In the late 19th century they fought the War of the Pacific for control of this mineral-rich region and Chile's annexation of Bolivia's Pacific coastal zone is still a source of rancour. After the mayor's intervention one local newspaper is reported to have run the headline: "Chile is Chile. We're not Bolivian Indians. Imperialist British out."

At a press conference in the Atacama, Barbara Broccoli dismissed criticism that the filmmakers had been insensitive. "This is not a political film," she said. "This is a fantasy film and an adventure film... The international audiences will see the beauty of this country and I think this is good for Chilean tourism."

She was speaking at a location that promises to be one of the most memorable in the entire Bond oeuvre and which Daniel Craig himself described as "a stunning place". Built on a mountain 75 miles south of the port city of Antofagasta, the Cerro Paranal Observatory calls itself "the world's most advanced optical observatory" and claims that its four telescopes are powerful enough to distinguish between the headlights of a car parked on the moon – if, for example, the gadgetry on Bond's Aston Martin DB5 went haywire and sent him there in error.

The surroundings of barren red rocks are appropriately otherworldly while the conditions that make Paranal ideal for astronomy – an altitude of more than 8,500ft and extremely low humidity – are less than ideal for humans. "There is no electricity here. There is no water. There is basically nothing, " said Tim De Zeeuw, the director-general of the ESO organisation, which runs the observatory.

So a hotel, La Residencia, has been built for visiting astronomers (tourists can stay at certain times). "Many of the guests, when they walk into the hotel, exclaim, 'Hey, this looks just like a James Bond set'," said De Zeeuw. "So we were very pleased when a letter arrived from the Bond company asking if they could film here."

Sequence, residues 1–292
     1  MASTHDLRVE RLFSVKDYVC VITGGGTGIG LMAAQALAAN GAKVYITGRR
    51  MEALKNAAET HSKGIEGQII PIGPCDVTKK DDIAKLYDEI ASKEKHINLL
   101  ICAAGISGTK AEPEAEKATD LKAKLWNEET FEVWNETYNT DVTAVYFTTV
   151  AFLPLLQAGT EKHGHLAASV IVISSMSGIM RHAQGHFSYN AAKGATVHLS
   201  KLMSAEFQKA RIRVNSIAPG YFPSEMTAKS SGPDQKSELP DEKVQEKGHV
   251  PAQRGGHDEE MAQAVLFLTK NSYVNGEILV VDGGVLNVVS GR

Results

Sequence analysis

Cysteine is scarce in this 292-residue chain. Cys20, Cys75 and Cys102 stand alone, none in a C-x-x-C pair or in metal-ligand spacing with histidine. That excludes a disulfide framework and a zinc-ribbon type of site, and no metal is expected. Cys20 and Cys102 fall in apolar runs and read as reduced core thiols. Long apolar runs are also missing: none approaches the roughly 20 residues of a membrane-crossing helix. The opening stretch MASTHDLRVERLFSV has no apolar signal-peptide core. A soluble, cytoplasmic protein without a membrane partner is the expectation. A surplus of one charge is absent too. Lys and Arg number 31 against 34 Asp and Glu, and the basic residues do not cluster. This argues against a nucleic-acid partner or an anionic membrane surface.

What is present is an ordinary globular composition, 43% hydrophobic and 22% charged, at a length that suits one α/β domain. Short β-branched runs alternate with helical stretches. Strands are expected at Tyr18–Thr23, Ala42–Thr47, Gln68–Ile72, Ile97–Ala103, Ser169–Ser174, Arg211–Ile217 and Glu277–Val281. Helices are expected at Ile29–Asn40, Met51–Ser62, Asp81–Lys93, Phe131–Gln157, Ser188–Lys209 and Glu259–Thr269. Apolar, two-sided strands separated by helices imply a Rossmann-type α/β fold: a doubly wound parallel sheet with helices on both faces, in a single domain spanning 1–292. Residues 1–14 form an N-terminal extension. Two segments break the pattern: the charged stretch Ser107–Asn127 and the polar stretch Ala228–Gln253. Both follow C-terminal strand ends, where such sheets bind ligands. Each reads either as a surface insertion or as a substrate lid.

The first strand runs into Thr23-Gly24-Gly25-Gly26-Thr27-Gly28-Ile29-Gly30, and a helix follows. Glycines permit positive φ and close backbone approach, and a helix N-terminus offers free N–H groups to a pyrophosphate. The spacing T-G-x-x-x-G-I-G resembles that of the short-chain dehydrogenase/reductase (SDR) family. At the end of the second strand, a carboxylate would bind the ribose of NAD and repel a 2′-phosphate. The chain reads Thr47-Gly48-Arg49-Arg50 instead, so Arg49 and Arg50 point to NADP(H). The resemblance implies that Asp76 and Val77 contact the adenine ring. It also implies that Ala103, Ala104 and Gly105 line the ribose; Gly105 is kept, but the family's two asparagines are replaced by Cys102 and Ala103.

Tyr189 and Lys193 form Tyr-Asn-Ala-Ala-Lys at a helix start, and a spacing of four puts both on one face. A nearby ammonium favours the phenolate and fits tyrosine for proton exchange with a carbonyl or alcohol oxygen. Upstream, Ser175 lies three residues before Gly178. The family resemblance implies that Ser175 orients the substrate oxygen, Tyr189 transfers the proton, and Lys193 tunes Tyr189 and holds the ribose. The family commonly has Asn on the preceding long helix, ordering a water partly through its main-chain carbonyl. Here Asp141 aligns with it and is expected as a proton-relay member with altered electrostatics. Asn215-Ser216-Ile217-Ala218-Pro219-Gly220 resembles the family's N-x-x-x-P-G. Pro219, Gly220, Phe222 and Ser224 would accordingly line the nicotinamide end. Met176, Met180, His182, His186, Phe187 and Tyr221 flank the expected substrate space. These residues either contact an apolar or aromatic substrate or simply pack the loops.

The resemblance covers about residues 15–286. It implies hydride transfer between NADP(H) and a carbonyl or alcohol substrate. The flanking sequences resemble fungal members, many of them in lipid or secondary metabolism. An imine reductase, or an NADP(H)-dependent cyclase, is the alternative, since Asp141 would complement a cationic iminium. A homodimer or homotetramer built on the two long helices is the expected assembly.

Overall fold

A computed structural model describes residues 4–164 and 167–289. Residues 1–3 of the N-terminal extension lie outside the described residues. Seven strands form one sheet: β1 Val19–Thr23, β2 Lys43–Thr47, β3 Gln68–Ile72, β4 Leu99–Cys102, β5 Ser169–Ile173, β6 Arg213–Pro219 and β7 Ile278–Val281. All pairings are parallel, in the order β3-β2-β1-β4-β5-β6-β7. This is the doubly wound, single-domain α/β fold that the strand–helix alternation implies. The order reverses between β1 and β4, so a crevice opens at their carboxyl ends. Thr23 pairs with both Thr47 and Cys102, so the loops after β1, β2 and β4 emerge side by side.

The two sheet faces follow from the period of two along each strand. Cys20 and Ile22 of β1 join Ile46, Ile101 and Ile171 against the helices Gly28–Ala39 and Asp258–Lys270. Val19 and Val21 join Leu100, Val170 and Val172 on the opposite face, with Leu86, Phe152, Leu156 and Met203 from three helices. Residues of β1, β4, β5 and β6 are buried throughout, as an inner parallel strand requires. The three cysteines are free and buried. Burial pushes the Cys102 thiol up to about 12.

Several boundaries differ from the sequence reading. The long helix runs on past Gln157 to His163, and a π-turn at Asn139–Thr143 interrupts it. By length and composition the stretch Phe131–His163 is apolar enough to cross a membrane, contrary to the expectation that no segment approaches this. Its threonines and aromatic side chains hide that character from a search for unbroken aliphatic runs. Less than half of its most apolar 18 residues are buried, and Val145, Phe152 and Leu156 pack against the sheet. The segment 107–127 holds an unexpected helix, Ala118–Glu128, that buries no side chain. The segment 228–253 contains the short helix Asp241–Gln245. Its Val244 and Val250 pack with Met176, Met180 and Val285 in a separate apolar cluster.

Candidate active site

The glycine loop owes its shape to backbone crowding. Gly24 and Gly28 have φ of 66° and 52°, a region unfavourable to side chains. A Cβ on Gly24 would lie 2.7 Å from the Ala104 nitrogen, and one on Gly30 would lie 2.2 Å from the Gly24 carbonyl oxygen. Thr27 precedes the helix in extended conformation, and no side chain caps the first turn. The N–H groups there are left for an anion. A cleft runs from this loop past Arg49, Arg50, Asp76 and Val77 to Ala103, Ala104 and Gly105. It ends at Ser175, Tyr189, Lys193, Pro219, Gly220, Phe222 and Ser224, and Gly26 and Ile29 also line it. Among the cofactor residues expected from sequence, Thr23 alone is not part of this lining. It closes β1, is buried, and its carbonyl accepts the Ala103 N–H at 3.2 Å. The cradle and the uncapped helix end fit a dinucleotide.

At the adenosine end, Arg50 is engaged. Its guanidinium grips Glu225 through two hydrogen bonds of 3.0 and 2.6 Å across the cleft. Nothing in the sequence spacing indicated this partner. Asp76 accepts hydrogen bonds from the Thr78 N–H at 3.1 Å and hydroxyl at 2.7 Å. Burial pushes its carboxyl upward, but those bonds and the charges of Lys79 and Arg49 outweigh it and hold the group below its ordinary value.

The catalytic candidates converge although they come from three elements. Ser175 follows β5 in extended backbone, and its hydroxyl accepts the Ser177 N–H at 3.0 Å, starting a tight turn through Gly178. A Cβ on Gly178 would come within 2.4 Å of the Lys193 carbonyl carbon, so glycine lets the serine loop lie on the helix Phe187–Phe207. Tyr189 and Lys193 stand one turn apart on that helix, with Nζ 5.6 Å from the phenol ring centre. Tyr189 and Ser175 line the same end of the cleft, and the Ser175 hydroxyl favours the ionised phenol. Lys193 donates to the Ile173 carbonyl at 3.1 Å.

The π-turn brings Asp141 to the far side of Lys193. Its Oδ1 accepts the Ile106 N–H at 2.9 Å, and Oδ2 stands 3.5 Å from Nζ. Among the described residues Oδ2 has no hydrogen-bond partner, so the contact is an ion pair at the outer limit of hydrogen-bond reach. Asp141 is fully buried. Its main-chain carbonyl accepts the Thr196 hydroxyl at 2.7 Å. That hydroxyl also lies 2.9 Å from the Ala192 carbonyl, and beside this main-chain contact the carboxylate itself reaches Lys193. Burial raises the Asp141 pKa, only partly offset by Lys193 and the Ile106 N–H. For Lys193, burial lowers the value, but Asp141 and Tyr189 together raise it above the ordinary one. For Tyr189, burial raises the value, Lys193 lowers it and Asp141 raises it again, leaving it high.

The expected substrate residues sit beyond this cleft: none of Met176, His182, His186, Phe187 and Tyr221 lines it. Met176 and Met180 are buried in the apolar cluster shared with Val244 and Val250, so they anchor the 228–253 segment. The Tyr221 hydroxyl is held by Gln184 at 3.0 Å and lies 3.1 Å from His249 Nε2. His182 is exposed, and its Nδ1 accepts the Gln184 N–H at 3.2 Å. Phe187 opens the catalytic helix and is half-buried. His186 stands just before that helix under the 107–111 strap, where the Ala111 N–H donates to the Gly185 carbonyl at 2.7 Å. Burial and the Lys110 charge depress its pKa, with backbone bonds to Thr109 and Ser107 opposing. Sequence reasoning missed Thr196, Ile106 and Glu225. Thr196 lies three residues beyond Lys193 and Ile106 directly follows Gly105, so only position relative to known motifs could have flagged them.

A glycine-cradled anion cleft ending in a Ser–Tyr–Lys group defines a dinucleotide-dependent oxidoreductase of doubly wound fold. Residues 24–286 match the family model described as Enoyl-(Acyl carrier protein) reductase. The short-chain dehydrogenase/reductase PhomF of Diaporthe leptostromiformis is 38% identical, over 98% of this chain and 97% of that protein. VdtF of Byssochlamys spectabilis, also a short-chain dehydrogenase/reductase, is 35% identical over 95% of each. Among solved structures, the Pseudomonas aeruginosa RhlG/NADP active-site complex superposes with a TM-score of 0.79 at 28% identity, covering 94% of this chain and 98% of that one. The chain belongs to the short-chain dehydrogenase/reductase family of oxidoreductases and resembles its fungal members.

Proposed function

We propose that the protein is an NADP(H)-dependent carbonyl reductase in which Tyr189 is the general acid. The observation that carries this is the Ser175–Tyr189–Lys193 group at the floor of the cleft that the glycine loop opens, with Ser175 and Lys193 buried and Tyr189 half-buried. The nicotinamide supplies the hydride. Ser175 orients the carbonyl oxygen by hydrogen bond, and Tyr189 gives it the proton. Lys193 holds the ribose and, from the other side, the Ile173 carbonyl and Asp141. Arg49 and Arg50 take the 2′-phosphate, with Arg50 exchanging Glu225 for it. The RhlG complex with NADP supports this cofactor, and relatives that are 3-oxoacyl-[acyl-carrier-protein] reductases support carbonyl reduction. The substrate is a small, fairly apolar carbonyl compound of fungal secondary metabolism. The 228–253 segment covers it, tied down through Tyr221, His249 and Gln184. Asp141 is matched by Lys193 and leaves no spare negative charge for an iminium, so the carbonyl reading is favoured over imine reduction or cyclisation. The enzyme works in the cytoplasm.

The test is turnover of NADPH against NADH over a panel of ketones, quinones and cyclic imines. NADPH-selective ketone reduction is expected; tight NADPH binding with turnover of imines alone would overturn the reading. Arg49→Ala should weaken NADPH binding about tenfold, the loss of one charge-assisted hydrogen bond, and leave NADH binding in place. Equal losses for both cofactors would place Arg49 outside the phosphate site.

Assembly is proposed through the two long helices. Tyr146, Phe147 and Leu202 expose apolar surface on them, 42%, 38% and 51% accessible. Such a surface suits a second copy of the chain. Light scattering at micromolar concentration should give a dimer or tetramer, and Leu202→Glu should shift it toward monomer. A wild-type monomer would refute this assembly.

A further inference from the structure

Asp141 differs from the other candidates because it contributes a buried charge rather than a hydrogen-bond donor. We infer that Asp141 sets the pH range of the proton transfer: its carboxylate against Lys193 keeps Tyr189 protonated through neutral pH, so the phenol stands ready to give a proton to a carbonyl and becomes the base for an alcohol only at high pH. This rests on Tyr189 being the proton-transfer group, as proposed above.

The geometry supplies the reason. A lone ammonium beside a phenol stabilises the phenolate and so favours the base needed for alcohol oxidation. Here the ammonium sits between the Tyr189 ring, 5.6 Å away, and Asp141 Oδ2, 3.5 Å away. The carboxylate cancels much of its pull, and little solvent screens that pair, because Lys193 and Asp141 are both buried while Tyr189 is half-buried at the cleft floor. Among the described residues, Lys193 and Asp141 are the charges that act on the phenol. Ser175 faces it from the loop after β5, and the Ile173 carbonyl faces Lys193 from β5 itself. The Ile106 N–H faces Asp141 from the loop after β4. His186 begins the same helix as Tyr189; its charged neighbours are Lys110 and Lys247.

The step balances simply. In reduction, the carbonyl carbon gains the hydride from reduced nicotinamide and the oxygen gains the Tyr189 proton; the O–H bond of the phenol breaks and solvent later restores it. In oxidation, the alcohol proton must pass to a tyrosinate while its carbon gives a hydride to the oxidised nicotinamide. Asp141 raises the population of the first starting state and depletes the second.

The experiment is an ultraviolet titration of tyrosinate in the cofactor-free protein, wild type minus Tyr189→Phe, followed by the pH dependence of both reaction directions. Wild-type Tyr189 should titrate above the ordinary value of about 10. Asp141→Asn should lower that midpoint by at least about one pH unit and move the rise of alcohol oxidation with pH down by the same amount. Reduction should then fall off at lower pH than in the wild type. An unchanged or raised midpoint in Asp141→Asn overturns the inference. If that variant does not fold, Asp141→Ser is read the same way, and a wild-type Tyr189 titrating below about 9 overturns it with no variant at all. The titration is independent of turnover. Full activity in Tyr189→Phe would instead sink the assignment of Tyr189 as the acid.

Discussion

La Residencia – where the first house rule is: "Avoid light pollution. Please close the blinds in the rooms and offices after sunset" – is much like one's idea of a space station on Mars. The L-shaped underground living quarters have 108 bedrooms, built on four levels, with a restaurant, swimming pool and sauna and a tropical garden. The whole complex is enclosed by a white dome. It is, said a Quantum of Solace producer, Michael G Wilson, "the perfect hideout for Dominic Greene, our villain".

For many film-goers in Britain Quantum of Solace will be a glorious big-screen introduction to Mexico, Panama and Chile, while for audiences in Latin America it will be a chance to get better acquainted with Bond himself. On a continent where little English is spoken outside the tourist centres, 007 has never been as popular as in much of the rest of the world – on its opening weekend in Chile, for example, Casino Royale grossed just $364,000 (the figure for the UK was £13 million).

When a casting director for Quantum of Solace in Panama approached members of the Embera tribe to play those bowler-hatted extras they did not seem to have heard of James Bond at all. "King Kong! King Kong!" was their first reaction. Then one of them piped up, "Oh, that's the guy who has lots of cars, lots of weapons and lots of women."

"That's him," confirmed the casting director.